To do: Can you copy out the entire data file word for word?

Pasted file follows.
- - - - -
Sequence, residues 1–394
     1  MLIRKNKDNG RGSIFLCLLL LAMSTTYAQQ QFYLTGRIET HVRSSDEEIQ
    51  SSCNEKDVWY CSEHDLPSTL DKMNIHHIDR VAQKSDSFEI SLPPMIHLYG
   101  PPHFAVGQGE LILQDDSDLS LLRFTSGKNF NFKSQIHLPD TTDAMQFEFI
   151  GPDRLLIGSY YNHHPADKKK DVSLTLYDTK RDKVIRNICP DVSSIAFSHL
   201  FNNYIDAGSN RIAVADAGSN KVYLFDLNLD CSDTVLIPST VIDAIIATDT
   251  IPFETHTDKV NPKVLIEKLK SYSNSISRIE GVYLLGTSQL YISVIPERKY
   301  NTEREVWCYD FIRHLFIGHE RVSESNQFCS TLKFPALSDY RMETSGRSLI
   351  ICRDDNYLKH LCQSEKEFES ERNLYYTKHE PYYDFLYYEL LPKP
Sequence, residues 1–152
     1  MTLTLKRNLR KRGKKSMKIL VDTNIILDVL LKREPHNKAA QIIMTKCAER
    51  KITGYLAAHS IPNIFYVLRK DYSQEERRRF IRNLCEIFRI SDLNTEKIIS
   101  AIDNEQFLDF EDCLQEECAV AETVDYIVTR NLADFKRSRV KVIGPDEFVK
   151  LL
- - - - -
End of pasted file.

Sequence, residues 1–394
     1  MLIRKNKDNG RGSIFLCLLL LAMSTTYAQQ QFYLTGRIET HVRSSDEEIQ
    51  SSCNEKDVWY CSEHDLPSTL DKMNIHHIDR VAQKSDSFEI SLPPMIHLYG
   101  PPHFAVGQGE LILQDDSDLS LLRFTSGKNF NFKSQIHLPD TTDAMQFEFI
   151  GPDRLLIGSY YNHHPADKKK DVSLTLYDTK RDKVIRNICP DVSSIAFSHL
   201  FNNYIDAGSN RIAVADAGSN KVYLFDLNLD CSDTVLIPST VIDAIIATDT
   251  IPFETHTDKV NPKVLIEKLK SYSNSISRIE GVYLLGTSQL YISVIPERKY
   301  NTEREVWCYD FIRHLFIGHE RVSESNQFCS TLKFPALSDY RMETSGRSLI
   351  ICRDDNYLKH LCQSEKEFES ERNLYYTKHE PYYDFLYYEL LPKP
Sequence, residues 1–152
     1  MTLTLKRNLR KRGKKSMKIL VDTNIILDVL LKREPHNKAA QIIMTKCAER
    51  KITGYLAAHS IPNIFYVLRK DYSQEERRRF IRNLCEIFRI SDLNTEKIIS
   101  AIDNEQFLDF EDCLQEECAV AETVDYIVTR NLADFKRSRV KVIGPDEFVK
   151  LL